†Local newspapers reported the sculptor’s name as Philippe Hebert. The sculptor was christened Louis-Philippe Hébert, but usually went by the name Philippe Hébert. The Hamilton sculpture of Queen Victoria is signed “Philippe Hébert.” [Colin S. MacDonald, A Dictionary of Canadian Artists, Vol. 2, 1989, p. 411.]
This was quite a contrast to the bustling world of 2013 Hamiltonian society; the shopping, the cabs and the Tim Horton’s cups tossed down on the sidewalk. The Queen would not have approved of the women’s summer fashion either!
I have admired the work of Chris Flodberg for years. From the time I used up my father’s leftover pots of oil colour (He was a real fan in the late 50s/early 60s of paint-by-numbers.), I’ve enjoyed the smell of linseed oil. The memory of the years and years of painting with oils when most artists were using acrylics, makes me smile. Such a yummy medium! It is also a rich experience to work with the paint over a longer period of time than what polymers will allow. It is his sensitive use of this medium, that causes me to really, really enjoy Chris Flodberg’s work.
On the day when I believed it to be unfortunate to be a day early for On Common Ground: Conversations About Our City featuring A Matter of Trust, hosted by the Public Library, I ended up being very-much blessed by the Encounters exhibit at the Glenbow Museum. Second to that, I was exiting the second floor by the stairs, just as the artist, Chris Flodberg, and a friend were heading up those same stairs. Initially, we shared observations about the way that his painting, Love and War in the World of Men (2004) was mounted in the stairwell.
It was a surprising and pleasant conversation because Chris then examined the context of the painting, its symbolism and explained how he staged his environment for the work. It was such an awesome and serendipitous event! I recently wrote Chris, asking his permission to post the image of this interior here, so that I might more explicitly share some of those elements, so stay posted.
Uh huh! Chris has given me his kind permission to post an image of his painting, Love and War in the World of Men (2004) here. A grander description to follow…but now, on to the off-leash! Thanks, Chris.
"Love and War in the World of Men" 6'x4.5' 2004 Chris Flodberg
Chris pointed out some of the connections between Jan van Eyck’s Arnolfini Portraitand his own painting, Love and War in the World of Men. If you look at the details; the orange perched on the window sill and the pair of shoes in the lower third of both compositions. These elements create whimsy, along with an interesting continuity of what it means to be ‘a guy’ in a very intimate space. I challenge my readers to find other such similarities in the content.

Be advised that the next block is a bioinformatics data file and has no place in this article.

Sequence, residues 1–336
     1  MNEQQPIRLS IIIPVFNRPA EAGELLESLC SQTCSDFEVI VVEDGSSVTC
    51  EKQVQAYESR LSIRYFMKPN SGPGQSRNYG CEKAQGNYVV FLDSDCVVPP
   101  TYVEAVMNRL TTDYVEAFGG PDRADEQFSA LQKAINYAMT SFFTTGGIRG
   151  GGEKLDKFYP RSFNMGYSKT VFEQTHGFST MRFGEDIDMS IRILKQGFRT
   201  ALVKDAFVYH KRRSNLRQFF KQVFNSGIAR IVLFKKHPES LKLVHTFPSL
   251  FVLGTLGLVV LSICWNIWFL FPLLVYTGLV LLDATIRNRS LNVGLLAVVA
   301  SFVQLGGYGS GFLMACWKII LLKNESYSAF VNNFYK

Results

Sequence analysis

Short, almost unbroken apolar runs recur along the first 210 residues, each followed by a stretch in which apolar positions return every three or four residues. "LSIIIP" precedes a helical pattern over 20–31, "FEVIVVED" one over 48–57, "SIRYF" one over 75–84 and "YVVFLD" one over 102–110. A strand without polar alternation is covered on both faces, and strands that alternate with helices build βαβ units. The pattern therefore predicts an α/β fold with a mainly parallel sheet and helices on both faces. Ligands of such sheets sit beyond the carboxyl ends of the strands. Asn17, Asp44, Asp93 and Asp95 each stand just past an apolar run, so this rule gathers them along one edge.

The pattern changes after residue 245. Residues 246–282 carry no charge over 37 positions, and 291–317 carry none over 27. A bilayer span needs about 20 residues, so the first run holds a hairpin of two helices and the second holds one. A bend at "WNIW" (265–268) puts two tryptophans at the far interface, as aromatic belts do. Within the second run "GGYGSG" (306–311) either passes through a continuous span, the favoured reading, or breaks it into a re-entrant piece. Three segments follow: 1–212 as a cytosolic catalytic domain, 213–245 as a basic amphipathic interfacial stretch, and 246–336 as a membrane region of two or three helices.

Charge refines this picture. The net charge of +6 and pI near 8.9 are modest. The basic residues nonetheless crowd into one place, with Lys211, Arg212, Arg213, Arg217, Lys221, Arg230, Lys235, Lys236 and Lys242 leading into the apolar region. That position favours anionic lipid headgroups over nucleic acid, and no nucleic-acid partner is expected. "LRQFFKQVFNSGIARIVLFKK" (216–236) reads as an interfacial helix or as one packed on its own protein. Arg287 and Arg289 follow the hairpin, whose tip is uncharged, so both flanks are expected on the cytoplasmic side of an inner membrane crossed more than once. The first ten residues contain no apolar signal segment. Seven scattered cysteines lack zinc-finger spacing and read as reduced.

Arnolfini Portrait by Jan van Eyck
The best way to become acquainted with a subject is to write a book about it. Benjamin Disraeli
Cold Lake First Nations: Damaged Spring at Blueberry Point 2011, Collection of the artist, Tanya Harnett
Directly from the Glenbow Museum Exhibition Schedule…
“Tanya Harnett is a photographer who uses her art form to explore notions of spirituality and materiality, technological modes of representation and hierarchy of media. Join Tanya as she discusses how her practice as a photographer engaged her in this curatorial process and how her own photography shaped her decision when selecting a Burtynsky photography for the exhibition.”
If you wander the internet, you will find all manner of project that Tanya Harnett has been involved with. As guest curator for Encounters, she selected another Edward Burtynsky piece that is powerful for me, Nickle Tailings #30, Sudbury, Ontario. Through my university-years 1973-1977, I used to travel back east by train, to visit my parents in Ontario. I remember the view out my window, forehead against the glass window, as we journeyed early in the morning through the devastation of Sudbury’s landscape. This was my place of birth. This image spoke to my heart as I stood before it in the Glenbow Museum yesterday afternoon. Thank you for selecting this particular piece, Tanya.
Nickel Tailings #30, Sudbury, Ontario Photographer: Edward Burtynsky
Oxford Tire Pile #2. Westley, California (1999). Photograph by Edward Burtynsky.
Of Edward Burtynsky’s photographs curated for the recent exhibit, Encounters, Danny Michel chose Oxford Tire Pile #2 Westly, California. It was a very frustrating thing, that the Glenbow did not provide, for purchase, a catologue of these works, along with the adjoining narrative. The words shared by each guest curator were so fitting and in most cases, moving. I had to plod along writing notes, as I always do, and spent a generous amount of time visiting with each photograph. I’ve written about Burtynsky’s work before. I went through a phase of needing to watch Manufactured Landscapes once a week…for a very long time…I never cease to be amazed by the beauty that this photographer captures in such ‘difficult’ subject matter!
And what of Danny Michel? One thing that he got me thinking about was, “Yeah….what would the Sumerians think about this photograph? Inventors of the wheel…would they have ever imagined tires in such abundance, discarded in huge heaps? Overwhelming imagery!